Joe Sakic

19 impressive facts about Joe Sakic


In anticipation of Monday’s Hockey Hall of Fame induction ceremonies, PHT is taking an in-depth look at each of the four main entrants.

Joe Sakic might not have provided explosive quotes, but his staggering numbers and all-time-great wrist shot were memorable enough. Here are 19 facts/milestones from his incredible career:

1. Sakic scored a point (an assist) in his first career game in 1988-89 and found the net for the first time in his second – against Sean Burke.

2. Even better, he began his career on a 12-game point streak, according to Hockey Reference.

3. Sakic made his first of 12 All-Star appearances in 1990, collecting two assists in Pittsburgh.

4. He scored 100 points for the first time in his second campaign.

5. Later on, he’d become the second-oldest player to hit the 100-point plateau. Sakic did at 37, behind only Gordie Howe.

6. He won the Conn Smythe Trophy in 1995-96, scoring 18 goals and 34 points in 22 postseason games.

7. Not surprisingly, that’s when he won the first of two Stanley Cups.

8. Sakic’s eight playoff overtime goals is an NHL record.

9. His 1,641 career points places him ninth all-time.

10. He collected his 1,000th career point on Dec. 27, 1999:

11. Sakic became the 11th player to collect 1,000 assists on  March 22, 2008.

12. His 625 goals ranks 15th all-time. Here’s No. 600:

13. Sakic is a member of the “Triple Gold Club,” having won a Stanley Cup, World Hockey Championship and Olympic gold medal.

14. Speaking of that Olympic gold medal, Sakic took home the MVP award of that 2002 tournament.

15. Sakic was drafted 15th overall in 1987, going behind some greats (Brendan Shanahan, Curtis Joseph) and some not-so-greats (Bryan Fogarty, Keith Osborne).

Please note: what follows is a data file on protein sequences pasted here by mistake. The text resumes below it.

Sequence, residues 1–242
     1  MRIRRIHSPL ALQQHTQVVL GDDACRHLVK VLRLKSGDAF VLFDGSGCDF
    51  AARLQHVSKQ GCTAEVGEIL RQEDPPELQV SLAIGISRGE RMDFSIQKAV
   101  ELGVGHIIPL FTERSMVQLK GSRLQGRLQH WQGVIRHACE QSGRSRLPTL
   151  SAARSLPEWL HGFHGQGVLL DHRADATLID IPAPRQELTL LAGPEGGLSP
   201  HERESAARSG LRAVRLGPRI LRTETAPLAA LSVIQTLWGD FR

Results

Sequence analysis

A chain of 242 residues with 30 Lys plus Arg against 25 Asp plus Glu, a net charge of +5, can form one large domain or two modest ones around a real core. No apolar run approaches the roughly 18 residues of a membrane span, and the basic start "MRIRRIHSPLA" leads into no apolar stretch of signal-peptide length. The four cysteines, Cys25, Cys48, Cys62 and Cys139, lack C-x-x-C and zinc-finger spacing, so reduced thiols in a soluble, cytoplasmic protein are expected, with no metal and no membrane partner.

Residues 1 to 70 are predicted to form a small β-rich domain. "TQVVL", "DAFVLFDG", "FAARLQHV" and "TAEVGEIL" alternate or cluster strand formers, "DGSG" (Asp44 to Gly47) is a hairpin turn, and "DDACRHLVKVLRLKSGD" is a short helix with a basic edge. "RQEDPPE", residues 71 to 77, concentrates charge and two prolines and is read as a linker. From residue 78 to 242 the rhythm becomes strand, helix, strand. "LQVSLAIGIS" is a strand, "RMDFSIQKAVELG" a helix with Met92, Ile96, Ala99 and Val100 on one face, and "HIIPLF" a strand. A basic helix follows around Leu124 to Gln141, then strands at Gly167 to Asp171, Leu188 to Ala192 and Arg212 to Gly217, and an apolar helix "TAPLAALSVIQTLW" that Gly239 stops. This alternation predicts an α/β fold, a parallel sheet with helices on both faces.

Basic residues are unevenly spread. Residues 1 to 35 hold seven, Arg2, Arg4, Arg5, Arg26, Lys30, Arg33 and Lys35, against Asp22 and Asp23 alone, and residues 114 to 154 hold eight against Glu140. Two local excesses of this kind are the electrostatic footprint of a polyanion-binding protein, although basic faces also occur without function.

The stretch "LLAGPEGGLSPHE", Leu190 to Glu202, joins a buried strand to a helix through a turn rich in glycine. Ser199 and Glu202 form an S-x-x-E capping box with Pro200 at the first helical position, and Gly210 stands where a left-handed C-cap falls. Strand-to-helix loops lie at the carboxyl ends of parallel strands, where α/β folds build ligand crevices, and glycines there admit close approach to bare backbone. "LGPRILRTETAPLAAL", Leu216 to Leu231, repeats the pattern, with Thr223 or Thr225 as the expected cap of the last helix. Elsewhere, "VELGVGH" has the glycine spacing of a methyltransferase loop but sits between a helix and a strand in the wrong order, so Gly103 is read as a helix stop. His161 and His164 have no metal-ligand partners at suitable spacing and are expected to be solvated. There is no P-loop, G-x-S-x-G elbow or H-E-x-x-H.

16. He basically owns the Colorado Avalanche/Quebec Nordiques record books, claiming the all-time lead in: goals, assists, points, power-play goals, short-handed goals and game-winning goals. (That also goes for many of the team’s playoff records.)

17. He was the second-longest serving captain in NHL history, according to the Avs.

18. The 2000-01 season was special for Joe. He won his second Cup and took home the Hart Trophy, Lady Byng and Ted Lindsay awards.

19. For all his accolades – these are just the highlights of his astounding career – many will remember what No. 19 did for No. 77 more than anything else:

Jason Demers tweets #FreeTorres, gets mocked

Los Angeles Kings v San Jose Sharks - Game One
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Following his stunning 41-game suspension, it looks like Raffi Torres has at least one former teammate in his corner.

We haven’t yet seen how the San Jose Sharks or the NHLPA are reacting to the league’s hammer-dropping decision to punish Torres for his Torres-like hit on Jakob Silfverberg, but Jason Demers decided to put in a good word for Torres tonight.

It was a simple message: “#FreeTorres.”

Demers, now of the Dallas Stars, was once with Torres and the Sharks. (In case this post’s main image didn’t make that clear enough already.)

Perhaps this will become “a thing” at some point.

So far, it seems like it’s instead “a thing (that people are making fun of).”

… You get the idea.

The bottom line is that there are some who either a) blindly support Torres because they’re Sharks fans or b) simply think that the punishment was excessive.

The most important statement came from the Department of Player Safety, though.

Bruins list Chara on IR, for now

Zdeno Chara

Those who feel as though the Boston Bruins may rebound – John Tortorella, maybe? – likely rest some of their optimism on the back of a healthy Zdeno Chara.

It’s possible that he’s merely limping into what may otherwise be a healthy 2015-16 season, but it’s definitely looking like a slow start thanks to a lower-body injury.

The latest sign of a bumpy beginning came on Monday, as several onlookers (including’s Joe Haggerty) pointed out that Chara was listed on injured reserve.

As Haggerty notes, that move is retroactive to Sept. 24, so his status really just opens up options for the Bruins.

Still … it’s a little unsettling, isn’t it?

The Bruins likely realize that they need to transition away from their generational behemoth, but last season provided a stark suggestion that may not be ready yet. Trading Dougie Hamilton and losing Dennis Seidenberg to injury only make them more dependent on the towering 38-year-old.

This isn’t really something to panic about, yet it might leave a few extra seats open on the Bruins’ bandwagon.